SOUTHEND and Basildon hospitals are forming contingency plans in case the Omicron variant leads to overwhelming hospitalisations and staff absences.

Mid and South Essex NHS Foundation Trust, which runs the hospitals, has identified independent sites for ‘super surge’ wards, but says it has yet to exceed hospital capacity.

As part of plans to work through sky-rocketing Covid-19 cases, hospitals have been asked to identify areas such as gyms and education centres in preparation for potentially overwhelming numbers of coronavirus patients.

The trust has declined to name the sites, but says it is prepared for a worst-case scenario.

The hospitals will be able to quickly activate the extra surge capacity as part of the national Covid response, under a new deal announced yesterday

A spokesperson from Mid and South Essex NHS Foundation Trust said: “Currently the hospital beds available at our trust can meet demand.

“Potential locations on hospital sites have been identified, we hope we will not have to use them, but it is right we prepare for all scenarios.”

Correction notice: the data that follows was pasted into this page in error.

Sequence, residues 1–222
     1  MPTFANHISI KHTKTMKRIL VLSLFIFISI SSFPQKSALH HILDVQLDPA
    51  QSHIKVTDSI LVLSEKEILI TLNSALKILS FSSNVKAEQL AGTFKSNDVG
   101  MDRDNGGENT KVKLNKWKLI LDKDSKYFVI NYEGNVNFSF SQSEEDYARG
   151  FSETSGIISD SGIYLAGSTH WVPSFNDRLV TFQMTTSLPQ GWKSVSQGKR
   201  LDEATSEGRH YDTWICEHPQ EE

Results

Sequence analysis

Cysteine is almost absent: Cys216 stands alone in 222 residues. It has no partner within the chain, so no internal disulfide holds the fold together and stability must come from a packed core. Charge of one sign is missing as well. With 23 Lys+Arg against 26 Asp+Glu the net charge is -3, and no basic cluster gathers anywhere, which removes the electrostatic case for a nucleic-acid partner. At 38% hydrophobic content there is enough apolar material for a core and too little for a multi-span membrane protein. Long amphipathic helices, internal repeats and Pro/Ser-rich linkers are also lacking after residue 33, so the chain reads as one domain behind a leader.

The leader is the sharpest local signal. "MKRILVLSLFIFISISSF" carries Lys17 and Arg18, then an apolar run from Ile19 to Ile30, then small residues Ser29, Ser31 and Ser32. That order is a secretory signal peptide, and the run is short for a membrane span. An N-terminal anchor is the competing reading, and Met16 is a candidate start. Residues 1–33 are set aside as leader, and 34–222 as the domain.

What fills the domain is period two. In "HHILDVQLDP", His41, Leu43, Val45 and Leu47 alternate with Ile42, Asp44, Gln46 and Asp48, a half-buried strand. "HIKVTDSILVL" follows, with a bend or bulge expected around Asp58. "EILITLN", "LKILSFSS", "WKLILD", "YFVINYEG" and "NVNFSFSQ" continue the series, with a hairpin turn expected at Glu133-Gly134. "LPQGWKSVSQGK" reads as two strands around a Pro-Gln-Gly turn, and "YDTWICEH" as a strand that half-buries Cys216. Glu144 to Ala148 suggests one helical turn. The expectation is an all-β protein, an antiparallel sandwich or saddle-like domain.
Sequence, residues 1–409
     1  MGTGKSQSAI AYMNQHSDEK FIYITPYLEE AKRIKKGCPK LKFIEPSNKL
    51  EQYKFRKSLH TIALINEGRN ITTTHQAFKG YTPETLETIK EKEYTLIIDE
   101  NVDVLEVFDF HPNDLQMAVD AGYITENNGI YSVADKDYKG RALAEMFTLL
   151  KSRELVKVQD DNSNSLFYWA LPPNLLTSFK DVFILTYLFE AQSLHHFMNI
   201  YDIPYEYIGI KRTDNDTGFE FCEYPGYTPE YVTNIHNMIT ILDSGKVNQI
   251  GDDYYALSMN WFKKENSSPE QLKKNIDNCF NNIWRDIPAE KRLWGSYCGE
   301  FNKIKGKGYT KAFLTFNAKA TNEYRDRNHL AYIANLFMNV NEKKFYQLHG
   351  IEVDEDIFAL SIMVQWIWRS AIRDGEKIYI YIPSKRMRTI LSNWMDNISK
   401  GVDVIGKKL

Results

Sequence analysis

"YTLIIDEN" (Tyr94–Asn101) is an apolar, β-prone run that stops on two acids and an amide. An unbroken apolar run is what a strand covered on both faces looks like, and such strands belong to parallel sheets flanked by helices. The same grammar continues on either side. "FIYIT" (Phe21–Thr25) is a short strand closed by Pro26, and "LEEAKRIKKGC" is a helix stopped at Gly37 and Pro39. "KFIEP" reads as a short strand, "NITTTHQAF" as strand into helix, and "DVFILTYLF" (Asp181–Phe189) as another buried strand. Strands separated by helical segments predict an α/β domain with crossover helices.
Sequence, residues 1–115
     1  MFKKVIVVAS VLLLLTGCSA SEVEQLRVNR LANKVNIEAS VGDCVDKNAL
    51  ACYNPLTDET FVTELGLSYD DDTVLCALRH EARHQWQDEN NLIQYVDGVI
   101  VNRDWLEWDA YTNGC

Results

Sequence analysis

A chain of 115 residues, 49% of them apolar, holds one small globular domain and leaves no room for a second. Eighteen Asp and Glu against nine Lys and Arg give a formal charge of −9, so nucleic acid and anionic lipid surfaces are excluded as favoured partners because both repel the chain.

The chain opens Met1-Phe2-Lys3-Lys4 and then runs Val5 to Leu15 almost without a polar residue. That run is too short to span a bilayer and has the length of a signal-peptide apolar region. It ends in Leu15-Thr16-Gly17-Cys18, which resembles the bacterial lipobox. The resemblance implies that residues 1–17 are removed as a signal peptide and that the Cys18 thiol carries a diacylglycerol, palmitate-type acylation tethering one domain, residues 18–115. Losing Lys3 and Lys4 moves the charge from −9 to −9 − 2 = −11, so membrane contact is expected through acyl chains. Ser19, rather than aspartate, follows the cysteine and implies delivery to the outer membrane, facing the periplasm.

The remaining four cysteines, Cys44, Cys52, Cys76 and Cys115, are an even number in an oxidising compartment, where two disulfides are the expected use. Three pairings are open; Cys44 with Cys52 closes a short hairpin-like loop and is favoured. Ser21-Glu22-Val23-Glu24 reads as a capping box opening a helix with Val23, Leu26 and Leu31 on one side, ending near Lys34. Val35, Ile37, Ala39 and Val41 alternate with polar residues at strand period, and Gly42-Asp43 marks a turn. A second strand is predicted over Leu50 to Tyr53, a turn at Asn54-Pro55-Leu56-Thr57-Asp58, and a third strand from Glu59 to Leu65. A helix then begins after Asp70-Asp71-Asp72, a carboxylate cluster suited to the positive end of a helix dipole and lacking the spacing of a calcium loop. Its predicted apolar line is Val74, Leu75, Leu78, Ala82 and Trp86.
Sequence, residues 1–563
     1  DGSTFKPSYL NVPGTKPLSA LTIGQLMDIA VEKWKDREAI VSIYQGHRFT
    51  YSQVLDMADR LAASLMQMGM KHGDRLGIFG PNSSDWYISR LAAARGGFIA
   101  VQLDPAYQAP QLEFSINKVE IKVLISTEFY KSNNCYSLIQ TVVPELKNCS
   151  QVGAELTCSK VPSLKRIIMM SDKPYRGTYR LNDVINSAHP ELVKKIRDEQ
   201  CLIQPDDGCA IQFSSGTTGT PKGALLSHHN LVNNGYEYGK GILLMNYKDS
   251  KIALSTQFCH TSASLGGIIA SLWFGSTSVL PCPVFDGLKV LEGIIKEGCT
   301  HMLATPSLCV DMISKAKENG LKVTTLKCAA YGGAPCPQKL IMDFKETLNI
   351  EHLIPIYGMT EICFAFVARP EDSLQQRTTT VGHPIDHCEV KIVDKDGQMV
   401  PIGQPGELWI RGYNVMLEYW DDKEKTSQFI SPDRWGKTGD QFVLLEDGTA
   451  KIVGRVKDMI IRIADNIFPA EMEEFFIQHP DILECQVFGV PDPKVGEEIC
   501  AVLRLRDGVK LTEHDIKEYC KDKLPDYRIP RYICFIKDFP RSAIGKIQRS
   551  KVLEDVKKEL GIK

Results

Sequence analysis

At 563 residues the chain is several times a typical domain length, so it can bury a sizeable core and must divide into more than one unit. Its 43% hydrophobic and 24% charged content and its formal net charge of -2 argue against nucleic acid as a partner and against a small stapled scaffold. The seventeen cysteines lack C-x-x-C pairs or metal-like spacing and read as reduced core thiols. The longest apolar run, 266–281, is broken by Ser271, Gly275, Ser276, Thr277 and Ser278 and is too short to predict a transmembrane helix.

The three-month agreement, will also allow NHS trusts to send patients to the independent sector for treatment including those requiring some forms of cancer surgery.

Health and Social Care Secretary Sajid Javid said: “NHS staff continue to go above and beyond to ensure people get the treatment they need this winter and our support for the NHS through this challenging period remains at full throttle.

“This agreement demonstrates the collaboration across our health care services to create an additional safeguard that ensures people can continue to get the care they need from our world-leading NHS, whenever they need it.”

NHS England chief operating officer and Covid incident director Sir David Sloman added: “NHS staff have done an incredible job over the last year recovering elective treatment levels and then keeping non-Covid services going as pressures have built.

“With the high number of Omicron cases placing even greater pressure on hospitals now and over the coming weeks, this deal, struck under direction from the Secretary of State, means as many people as possible can continue to get the care they need.”